“About 10 years ago, the company bought Meekulu (Nelumbu) a vehicle. Sometimes, instead of giving her her dividends, they pay for her fuel expenses. This is wrong,” the source says.

Oukwanyama is not the only party affected by the irregular share distribution.

Late Nestory Denis’s brother Nelson Denis, who is the alleged executor of his late brother Nestory Denis’ estate, says he only discovered in 2021 that his brother held a 9% shares in Queen Kaleinasho.

He says the company did not inform the family about Nestory’s shares in the company. Nestory died in 2014.

“I am the executor of my brother’s estates but I only learnt about my brother’s shares in Queen Kaleinasho in 2021 through someone,” Denis says.

He says that upon discovery, he approached the ministry of fisheries that year and he, Indila and Gerson Nehemia were called to a meeting at the ministry’s headquarters in Windhoek.

He says the ministry withheld the quota.


The company chairperson, Indila Edward, says shares were not stolen, as the Oukwanyama Traditional Authority holds shares in another fishing company and it was not supposed to hold shares in two companies.

He says while the Oukwanyama Traditional Authority holds shares in two companies, other traditional authorities have not benefited.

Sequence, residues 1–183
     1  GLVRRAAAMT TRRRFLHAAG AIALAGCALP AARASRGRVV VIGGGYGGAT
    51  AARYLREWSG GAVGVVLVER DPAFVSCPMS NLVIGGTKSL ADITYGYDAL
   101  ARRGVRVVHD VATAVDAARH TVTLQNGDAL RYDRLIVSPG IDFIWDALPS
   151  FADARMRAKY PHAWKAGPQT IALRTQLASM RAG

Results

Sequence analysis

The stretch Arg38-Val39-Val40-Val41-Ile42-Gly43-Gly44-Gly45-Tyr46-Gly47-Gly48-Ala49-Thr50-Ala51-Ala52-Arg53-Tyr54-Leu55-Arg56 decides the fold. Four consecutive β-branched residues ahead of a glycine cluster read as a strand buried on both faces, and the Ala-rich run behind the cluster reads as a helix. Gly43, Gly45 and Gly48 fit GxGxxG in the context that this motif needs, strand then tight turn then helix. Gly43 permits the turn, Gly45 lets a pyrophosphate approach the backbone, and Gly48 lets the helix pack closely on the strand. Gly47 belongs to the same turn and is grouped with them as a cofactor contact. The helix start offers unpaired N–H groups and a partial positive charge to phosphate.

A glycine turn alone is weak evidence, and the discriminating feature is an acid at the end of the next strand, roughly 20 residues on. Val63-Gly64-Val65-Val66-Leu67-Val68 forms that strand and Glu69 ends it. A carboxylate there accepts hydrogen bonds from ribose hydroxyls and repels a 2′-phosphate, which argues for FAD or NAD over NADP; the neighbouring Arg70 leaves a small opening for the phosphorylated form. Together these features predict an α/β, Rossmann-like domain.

He asks why those complaining about how the late Hishongwa came into the company are only complaining after his death.

“Why are they not mentioning good things that we have done, like buying Meekulu (Nelumbu) a car?” Edward asks.

He says former senior headman Hadino Hishongwa is the late Nestory Denis’ uncle.

Nestory Denis was a shareholder in the company. He died in 2014, while Hishongwa died last year.

“Nelson is just an executor. Now he wants Nestory’s share, doesn’t Nestory have children of his own?” Edward asks.

He accused Nelson of holding shares in another fishing company.

Councillor Nelulu also says after the death of his wife in 2017, he was only paid the dividends of his wife three times.

“They did not give me anything [more] . . . It’s four years now,” Nelulu told The Namibian.

He says since he was not getting the dividends, he wanted to sell the shares.

“They told me they sent my wife’s shares to a lawyer and they will pay my dividends there,” Nelulu says.

Nelulu says that until today, he has not been told the name of the lawyer.

He says when Klazen came to Oukwanyama last month, he said in a meeting that he was only there to deal with the issue of the Oukwanyama Traditional Authority’s shares.

“We are saddened. I want my wife’s dividends. They can’t inherit my wife,” Nelulu says.

The post Govt blocked Oukwanyama fishing quotas appeared first on The Namibian.